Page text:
There are men nr.r. and then whw
nacd a few heany jolts to knock the
foolishness and meanness out of thom.
If you attempt snch a job bo sure
that you fight fair and arejready to ge
on with your friendly intercourse next
day. Study children. Love them.
Imitate their ways and you aili be
better and happier. They never oarry
over the animosities and bickerings
of one day to the next. They never
lie awake at nigbt and meditate evil
to evil to put into practice thc next
; r. . mm 9 mm
- The bigger the hat over a pretty
girl, the more kissable her lips seem.
THE VITAL CENTER
I ? I ? 'I..
No Man Stronger than His Stomach-Lot Mi-o~na Strengthen
your Digestive System; ' ?
come well. This explains'many cures
of heart, liver, or kidney diseases ia
the cases where Mi-o-na is Used.
It is the most wonderful health re
storer known, and i3 sold by Evans
Pharmaoy under an absolute guarantee
that it oostB nothing unless it restores
health. Just one little tablet out of
a 50 cent box of Mi-o-na for a few
days, and you will coon see a great
improvement in your health.
The stomaoh ie'your vital coater.
No man is strongerthan his etomaoh.
Every organ of the body is sus
tained and nourished j)y food which
is eonverted ?into nutrition io the
stomaoh and.oonvoyed to every part
of the system io the form of blood.
For thia reason, wheo the stomaoh
is strengthened with Mi-o-na and is
able to convert the food into nour
ishment, all other organs, soon be*
Now comes the "Good Old Summer Time"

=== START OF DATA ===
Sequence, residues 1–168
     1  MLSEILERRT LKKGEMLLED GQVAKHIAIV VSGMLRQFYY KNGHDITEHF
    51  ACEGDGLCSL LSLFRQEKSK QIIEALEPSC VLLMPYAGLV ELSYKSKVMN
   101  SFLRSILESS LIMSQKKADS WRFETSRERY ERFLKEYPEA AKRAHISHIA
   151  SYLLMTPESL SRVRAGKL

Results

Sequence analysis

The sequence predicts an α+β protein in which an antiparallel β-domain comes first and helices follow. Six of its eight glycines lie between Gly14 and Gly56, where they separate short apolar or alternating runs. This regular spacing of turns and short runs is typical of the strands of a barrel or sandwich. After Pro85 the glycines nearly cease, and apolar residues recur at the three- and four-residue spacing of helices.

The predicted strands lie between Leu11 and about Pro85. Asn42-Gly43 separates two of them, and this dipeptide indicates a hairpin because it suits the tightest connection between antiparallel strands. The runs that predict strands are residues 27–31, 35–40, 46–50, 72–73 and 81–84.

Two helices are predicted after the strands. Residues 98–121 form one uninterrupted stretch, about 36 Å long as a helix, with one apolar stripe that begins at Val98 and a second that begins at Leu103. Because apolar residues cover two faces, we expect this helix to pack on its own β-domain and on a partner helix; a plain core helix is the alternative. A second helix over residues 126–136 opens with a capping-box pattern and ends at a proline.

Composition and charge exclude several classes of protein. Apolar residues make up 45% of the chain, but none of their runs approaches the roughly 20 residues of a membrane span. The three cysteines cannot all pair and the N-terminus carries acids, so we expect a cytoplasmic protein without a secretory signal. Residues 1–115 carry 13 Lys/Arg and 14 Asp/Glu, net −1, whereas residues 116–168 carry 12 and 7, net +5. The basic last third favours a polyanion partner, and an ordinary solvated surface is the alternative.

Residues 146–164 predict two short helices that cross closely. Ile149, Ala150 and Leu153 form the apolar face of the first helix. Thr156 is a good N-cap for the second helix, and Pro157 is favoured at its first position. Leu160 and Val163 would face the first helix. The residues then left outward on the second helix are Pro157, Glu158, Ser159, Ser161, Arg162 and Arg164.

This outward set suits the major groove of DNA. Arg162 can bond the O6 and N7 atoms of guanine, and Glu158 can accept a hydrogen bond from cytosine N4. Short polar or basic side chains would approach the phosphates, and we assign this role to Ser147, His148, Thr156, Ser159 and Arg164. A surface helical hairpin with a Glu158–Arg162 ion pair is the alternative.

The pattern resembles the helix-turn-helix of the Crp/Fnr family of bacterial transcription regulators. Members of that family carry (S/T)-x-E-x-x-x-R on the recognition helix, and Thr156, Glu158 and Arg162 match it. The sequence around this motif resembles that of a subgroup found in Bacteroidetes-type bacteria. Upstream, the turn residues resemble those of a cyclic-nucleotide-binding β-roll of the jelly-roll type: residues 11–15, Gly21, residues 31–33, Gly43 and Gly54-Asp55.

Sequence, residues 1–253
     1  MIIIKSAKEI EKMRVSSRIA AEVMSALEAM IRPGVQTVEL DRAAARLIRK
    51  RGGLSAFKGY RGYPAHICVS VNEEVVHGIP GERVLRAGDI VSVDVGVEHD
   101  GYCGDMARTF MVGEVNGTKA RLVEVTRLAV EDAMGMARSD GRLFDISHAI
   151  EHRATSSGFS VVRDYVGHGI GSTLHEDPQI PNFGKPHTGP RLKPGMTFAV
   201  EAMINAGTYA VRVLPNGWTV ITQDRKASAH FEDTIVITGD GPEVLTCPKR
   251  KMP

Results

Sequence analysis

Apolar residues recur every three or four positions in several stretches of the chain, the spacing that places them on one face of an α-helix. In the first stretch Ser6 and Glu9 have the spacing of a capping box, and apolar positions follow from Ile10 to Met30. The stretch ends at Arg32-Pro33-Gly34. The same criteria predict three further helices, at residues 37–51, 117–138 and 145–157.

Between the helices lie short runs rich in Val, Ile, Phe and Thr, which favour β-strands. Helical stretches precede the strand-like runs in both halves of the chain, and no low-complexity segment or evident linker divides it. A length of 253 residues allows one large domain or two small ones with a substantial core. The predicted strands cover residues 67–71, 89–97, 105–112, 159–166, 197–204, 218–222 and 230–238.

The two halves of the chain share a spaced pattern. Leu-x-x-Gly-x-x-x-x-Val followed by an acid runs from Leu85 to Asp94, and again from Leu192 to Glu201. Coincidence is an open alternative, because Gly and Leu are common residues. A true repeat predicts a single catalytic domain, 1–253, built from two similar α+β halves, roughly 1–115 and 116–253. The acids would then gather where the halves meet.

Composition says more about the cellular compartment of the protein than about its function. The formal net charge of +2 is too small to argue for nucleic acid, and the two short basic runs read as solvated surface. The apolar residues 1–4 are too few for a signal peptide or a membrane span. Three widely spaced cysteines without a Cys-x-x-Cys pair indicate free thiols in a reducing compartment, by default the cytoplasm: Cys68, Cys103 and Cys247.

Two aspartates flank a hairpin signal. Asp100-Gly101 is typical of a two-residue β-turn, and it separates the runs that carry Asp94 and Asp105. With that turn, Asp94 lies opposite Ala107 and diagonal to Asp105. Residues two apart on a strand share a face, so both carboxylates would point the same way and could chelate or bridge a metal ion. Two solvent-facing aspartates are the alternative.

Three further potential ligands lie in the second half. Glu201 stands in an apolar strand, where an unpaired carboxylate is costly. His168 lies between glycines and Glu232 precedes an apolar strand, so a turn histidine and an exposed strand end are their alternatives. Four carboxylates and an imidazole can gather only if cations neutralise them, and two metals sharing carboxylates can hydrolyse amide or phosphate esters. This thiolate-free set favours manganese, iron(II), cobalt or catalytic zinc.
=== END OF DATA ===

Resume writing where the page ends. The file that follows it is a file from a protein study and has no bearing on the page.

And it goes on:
when you want one of our . . . . ' . -
Up-io-Dato VEHICLES for Pleasure.
Buck hoard, Traps,
And in tact anything you need in the Vehicle line you wi?? noe? at o er Se?
positories. A fine line of HARNESS, SADDLES. UMBRELLAS, CAN
OPY SHAPES, DUSTERS, Afc
Call and examine for yourself, and if we cannot cuit you it will he] car
ault. . Very, truly,
FBETWELL-HANBS GO.. Anderson
THE SOUTH'S GREATEST SYSTEM!
Wfixcelled Dining Car Service. /...'. %
Through Pullman SleepingfC&g on a???rai?Ss.
WINTER, TOURIST RATES are now In *, ?f?tct;to alJl?loiieXFei?*?
For foll information as to rates, routes, etc.,| (corjiultUncaiei^EcaiS?ii
Railway Ticket Agent, or ..%
B. W. HUNT, Division Passenger"Agen?, ?harlcetoa?fi;?S.
i. .-V -.'
ONE CAB Ol' HOG IEED.
Have just received ono Car Load of HOG FEED
(Shorts) at very close prices. Come befbre^iheyfara
all gone. Now fir the tima for throwing
Around your premisas to prevent a e*?o of fever or
rrnne o? er disease, that wiU cost you verv much inore
than the price of a barrel of Lime (S1.G&) ?We hay?
; a fresh shipment in stock, and will be glad to send yoo
some, If you contemplate building a barn or any
oJwr building, see ns before buying your
raistNT and IIBEE,